Why stop there? Why not assure us: "Scientists who doubt Darwinian theory because of its flaws are wrong." If the religious critics are wrong, the scientists must be wrong too.

As I read further, I discovered that the writer is hopelessly uninformed. He quotes this from Alan Leshner and provides no counter-balance:
The theory of evolution, Leshner announced to the students, was as firmly established as the theory of gravity. . . . [T]he more science learns, the more the living world looks exactly like what would be expected if evolution were true.

This is obscenely misleading and half of America knows it is. Small wonder the American people doubt evolutionary theory. They know that many in the scientific community are feeding them a pile of misinformation and half-truths.

Consider this from one of America's leading paleontologists, David Raup, who was formerly the curator of the Field Museum of Natural History in Chicago:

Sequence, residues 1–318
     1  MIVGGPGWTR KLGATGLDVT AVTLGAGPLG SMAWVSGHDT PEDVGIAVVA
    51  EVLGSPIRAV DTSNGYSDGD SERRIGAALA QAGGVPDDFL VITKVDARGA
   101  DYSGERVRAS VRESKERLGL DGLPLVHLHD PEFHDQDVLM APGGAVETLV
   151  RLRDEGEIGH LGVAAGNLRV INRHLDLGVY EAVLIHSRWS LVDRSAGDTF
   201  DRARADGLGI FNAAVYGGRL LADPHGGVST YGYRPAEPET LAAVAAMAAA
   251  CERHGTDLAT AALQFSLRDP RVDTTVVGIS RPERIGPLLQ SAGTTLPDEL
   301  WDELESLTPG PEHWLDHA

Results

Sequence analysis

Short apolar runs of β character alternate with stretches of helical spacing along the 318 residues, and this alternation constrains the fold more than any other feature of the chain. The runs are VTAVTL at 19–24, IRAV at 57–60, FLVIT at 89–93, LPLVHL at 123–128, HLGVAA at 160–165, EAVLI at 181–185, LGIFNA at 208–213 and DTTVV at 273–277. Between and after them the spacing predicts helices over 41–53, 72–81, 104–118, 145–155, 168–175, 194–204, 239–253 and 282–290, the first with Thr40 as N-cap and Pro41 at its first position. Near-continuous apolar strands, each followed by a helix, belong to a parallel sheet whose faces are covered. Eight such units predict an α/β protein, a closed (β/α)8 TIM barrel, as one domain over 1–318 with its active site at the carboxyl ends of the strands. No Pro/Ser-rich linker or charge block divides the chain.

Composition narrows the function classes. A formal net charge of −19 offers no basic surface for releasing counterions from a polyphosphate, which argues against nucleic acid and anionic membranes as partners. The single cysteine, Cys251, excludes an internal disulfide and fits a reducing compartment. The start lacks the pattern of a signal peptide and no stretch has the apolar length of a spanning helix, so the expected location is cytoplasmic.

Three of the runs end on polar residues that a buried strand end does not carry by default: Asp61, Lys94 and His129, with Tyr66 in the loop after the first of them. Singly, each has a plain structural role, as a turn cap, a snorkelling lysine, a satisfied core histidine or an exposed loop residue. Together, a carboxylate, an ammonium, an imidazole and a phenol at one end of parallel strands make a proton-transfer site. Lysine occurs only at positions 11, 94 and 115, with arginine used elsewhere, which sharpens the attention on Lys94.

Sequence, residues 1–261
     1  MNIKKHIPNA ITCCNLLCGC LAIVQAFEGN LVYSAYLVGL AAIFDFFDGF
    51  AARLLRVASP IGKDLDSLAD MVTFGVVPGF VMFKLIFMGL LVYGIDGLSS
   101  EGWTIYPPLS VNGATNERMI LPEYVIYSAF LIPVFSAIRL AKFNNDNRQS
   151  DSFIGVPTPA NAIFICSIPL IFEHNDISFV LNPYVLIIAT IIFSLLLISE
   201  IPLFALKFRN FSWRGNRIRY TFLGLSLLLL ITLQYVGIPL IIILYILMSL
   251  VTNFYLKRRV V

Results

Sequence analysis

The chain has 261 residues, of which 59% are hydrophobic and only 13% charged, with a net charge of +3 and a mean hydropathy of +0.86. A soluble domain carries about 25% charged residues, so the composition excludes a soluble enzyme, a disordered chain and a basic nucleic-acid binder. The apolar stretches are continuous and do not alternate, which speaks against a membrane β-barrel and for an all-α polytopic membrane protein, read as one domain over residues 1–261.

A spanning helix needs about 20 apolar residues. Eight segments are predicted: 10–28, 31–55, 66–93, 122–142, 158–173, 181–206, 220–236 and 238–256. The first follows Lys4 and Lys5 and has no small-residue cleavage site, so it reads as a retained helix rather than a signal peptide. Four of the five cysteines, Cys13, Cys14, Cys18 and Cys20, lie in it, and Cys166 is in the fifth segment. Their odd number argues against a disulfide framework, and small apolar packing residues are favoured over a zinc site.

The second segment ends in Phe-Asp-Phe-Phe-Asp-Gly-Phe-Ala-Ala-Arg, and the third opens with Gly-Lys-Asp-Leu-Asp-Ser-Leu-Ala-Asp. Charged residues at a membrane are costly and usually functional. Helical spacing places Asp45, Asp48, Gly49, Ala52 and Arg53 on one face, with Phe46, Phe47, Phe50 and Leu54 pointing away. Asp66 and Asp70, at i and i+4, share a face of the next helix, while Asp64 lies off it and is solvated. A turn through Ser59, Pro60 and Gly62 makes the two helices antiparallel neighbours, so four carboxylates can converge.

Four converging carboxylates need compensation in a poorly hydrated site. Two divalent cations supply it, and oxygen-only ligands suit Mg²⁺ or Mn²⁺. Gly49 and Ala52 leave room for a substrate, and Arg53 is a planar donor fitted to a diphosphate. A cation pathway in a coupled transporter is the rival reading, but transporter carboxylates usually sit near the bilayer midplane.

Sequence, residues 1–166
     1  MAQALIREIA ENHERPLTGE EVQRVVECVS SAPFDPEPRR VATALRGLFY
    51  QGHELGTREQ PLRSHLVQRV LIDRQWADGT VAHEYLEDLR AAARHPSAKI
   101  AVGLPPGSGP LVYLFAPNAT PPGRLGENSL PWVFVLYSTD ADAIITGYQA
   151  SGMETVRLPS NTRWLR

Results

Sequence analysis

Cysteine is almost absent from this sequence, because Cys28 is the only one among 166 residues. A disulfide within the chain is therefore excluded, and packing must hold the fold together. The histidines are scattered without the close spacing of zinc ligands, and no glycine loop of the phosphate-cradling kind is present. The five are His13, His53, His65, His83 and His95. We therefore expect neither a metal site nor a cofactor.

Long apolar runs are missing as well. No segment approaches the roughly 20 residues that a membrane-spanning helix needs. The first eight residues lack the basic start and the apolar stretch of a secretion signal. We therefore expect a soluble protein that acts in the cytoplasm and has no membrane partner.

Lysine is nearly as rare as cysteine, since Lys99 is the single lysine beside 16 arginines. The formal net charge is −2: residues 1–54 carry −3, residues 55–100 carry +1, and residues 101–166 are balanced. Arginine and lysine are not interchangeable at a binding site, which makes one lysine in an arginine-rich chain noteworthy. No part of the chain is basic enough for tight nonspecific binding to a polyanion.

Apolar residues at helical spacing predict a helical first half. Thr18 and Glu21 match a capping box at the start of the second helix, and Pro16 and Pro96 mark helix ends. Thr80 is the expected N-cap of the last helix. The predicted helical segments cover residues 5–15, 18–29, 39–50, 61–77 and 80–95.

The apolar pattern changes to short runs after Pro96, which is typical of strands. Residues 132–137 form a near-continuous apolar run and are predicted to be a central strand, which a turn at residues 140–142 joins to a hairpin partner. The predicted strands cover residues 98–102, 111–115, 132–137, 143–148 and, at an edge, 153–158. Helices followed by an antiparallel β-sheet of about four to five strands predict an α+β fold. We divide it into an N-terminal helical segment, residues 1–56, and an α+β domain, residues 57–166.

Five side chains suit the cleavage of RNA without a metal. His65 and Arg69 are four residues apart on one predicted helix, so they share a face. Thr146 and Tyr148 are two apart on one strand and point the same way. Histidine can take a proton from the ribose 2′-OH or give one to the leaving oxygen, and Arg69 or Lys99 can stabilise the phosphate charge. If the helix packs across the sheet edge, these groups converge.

Darwin's general solution to the incompatibility of fossil evidence and his theory was to say that the fossil record is a very incomplete one that it is full of gaps, and that we have much to learn. In effect, he was saying that if the record were complete and if we had better knowledge of it we would see the finely graduated chain that he predicted. And this was his main argument for downgrading the evidence from the fossil record. Well, we are now about 120 years after Darwin and the knowledge of the fossil record has been greatly expanded. We now have a quarter of a million fossil species but the situation hasn't changed much. The record of evolution is still surprisingly jerky and, ironically, we have even fewer examples of evolutionary transition than we had in Darwin's time. By this I mean that some of the classic cases of darwinian change in the fossil record, such as the evolution of the horse in North America, have had to be discarded or modified as a result of more detailed information - what appeared to be a nice simple progression when relatively few data were available now appears to be much more complex and much less gradualistic. So Darwin's problem has not been alleviated in the last 120 years and we still have a record which does show change but one that can hardly be looked upon as the most reasonable consequence of natural selection. (Raup D.M., "Conflicts Between Darwin and Paleontology," Field Museum of Natural History Bulletin, Field Museum of Natural History: Chicago IL, January 1979, Vol. 50, No. 1, pp.22-29, pp.24-25)